I love a good anthology. And, I have enjoyed much of Sandra Gilbert's work, including both Death's Door: Modern Dying and the Ways We Grieve and, more relevant to this blog, The Culinary Imagination: From Myth to Modernity published in 2014. Of course, she is most famous for The Madwoman in the Attic which I have never read, though I ought to pretend I did if I am going to continue to try to legitimize my feminist past and present and future. So, of course, the second I saw Eating Words: A Norton Anthology of Food Writing (edited by Gilbert and Roger J. Porter), what did I do? I bought it. And, I let it "bake," browsing it now and then to see what caught my fancy.
Some of what is contained in this anthology is. . . predictable . . . for anyone who thinks about and reads about food. For example, who has not heard about Proust and madelines? Who does not know that Leviticus involves food in many many (quite restrictive) ways? (Yes, it is frequently cited as though only homosexuality was taboo -- but so too are shrimp, pork, and much else). Who does not know that Jonathan Swift once made a modest proposal to (SPOILER ALERT) eat Catholic children?
If you do not know, this anthology (with its 96 entries) will be very educational. If you do, do not despair. Even for those of us who do know these things, there are new possibilities, transformative things, things that make the reader think and, on occasion, make the reader hungry. I did not know Frederick Douglass's bit on ash cakes and am the better for having read it. Nor did I know Chekhov on oysters, though this one did not change my mind about being someone who . . . well, is not a huge fan of eating oysters. Nor shall I be persuaded, later in the collection, by Seamus Heaney on oysters when I eventually read it. I remember Sinclair Lewis' The Jungle from my youthful reading, and no, I am not going to read it again, just in case I then revert to a long lifetime of not liking sausage. I like sausage and, for this purpose, prefer to remain ignorant or forgetful. Muckraking -- whether then or now -- is important. But not all important literature or muckraking . . . .turns my stomach.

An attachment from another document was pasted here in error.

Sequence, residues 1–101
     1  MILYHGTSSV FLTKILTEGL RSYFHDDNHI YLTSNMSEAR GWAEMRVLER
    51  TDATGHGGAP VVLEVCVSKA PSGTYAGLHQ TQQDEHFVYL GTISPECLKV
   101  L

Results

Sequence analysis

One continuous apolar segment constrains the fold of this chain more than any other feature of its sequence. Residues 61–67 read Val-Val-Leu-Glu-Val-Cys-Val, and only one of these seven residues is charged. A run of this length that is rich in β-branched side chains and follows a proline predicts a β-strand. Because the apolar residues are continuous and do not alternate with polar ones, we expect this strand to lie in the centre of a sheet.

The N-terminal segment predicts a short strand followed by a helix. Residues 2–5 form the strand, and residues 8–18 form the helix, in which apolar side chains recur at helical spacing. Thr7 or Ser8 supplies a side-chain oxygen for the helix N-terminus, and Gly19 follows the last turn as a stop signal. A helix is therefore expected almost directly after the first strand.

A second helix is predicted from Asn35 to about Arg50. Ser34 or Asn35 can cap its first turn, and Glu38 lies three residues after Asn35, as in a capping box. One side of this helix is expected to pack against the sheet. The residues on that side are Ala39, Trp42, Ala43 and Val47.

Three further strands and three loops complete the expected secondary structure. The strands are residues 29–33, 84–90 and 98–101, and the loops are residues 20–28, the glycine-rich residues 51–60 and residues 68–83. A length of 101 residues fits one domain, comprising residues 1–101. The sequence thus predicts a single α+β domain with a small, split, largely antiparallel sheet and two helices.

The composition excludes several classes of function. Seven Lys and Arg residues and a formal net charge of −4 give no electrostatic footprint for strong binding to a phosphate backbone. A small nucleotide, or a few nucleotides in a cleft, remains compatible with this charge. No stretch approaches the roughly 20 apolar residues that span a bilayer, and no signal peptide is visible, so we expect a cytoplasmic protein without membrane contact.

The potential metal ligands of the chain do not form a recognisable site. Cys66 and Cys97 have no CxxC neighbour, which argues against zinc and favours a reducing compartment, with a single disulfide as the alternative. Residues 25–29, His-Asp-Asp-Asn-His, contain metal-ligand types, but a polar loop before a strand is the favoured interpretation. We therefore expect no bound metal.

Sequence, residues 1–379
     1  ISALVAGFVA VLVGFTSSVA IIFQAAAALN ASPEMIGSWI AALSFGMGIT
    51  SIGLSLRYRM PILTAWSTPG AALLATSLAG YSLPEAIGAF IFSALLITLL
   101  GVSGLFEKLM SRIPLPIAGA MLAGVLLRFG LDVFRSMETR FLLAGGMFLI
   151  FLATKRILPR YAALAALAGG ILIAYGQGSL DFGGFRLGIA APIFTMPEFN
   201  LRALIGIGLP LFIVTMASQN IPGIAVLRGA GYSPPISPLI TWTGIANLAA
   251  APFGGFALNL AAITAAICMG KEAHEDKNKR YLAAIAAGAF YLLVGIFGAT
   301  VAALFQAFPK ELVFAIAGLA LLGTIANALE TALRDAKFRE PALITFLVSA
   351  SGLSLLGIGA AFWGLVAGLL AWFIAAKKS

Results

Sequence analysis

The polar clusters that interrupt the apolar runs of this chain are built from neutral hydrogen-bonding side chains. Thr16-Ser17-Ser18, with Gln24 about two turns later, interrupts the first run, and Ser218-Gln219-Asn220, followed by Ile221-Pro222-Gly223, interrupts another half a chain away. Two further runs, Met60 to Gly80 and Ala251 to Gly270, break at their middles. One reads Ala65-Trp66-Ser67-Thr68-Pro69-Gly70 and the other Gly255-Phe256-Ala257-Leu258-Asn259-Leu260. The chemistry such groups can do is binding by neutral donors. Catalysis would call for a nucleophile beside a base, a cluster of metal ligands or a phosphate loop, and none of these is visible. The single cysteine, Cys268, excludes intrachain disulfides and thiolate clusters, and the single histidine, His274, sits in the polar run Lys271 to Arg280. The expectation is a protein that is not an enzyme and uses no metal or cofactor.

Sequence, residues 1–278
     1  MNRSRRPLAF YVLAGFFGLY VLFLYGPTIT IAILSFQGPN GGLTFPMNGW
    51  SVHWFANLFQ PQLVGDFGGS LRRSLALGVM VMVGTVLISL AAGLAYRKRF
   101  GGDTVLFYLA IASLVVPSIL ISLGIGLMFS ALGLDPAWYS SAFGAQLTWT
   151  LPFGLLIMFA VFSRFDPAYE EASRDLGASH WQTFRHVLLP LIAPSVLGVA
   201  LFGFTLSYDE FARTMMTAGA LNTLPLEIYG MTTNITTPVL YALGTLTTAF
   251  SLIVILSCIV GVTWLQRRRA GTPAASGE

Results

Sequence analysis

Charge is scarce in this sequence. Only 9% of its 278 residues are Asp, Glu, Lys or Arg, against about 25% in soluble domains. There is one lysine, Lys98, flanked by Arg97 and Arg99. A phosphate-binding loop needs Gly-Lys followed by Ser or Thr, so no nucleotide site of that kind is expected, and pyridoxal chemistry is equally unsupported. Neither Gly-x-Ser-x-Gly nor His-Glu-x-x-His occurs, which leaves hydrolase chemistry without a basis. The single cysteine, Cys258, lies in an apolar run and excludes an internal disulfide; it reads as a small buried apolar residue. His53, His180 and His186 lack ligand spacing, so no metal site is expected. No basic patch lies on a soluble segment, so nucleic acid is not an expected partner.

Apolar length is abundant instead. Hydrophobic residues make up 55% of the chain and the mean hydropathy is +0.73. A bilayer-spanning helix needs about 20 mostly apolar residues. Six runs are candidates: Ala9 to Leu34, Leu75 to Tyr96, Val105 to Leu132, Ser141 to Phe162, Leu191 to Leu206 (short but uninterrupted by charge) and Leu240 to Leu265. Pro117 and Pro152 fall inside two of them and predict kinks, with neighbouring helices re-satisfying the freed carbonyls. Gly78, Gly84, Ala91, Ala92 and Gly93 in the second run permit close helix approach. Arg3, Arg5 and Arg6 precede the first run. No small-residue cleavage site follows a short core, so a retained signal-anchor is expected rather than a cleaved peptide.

I look forward to re-encountering Barthes on chopsticks and Visser on the rituals associated with dining and the piece by Adam Gopnick, with whom I once dined, listening to my partner eviscerate him on his not very smart or very feminist talk we had just heard. Even so, I usually like what I read of his efforts.
This anthology is both a collection of "classics" and an attempt to create a canon. I assume that is the role of Norton Anthologies and Norton Anthology editors. In this case, of course, two english professors are hard at work pursuing their vocations and avocations simultaneously. Indeed, they are so successful at canon creation (or validation?) that the anthology is already required reading for a course in one Masters Program in Food Studies Having edited an anthology almost 20 years ago (on what we have now come to call LGBTQ studies, bringing together a very disparate set of texts on religion and related matters), I know how much is left on the proverbial cutting room floor (i.e., left out) and how the struggle to categorize can be frustrating. I sit here and imagine that I can overhear the two editors thinking together about all this. And am grateful. A little jealous, but grateful.
For a review from Oregon, where Roger Porter is an english professor (at Reed College), click here.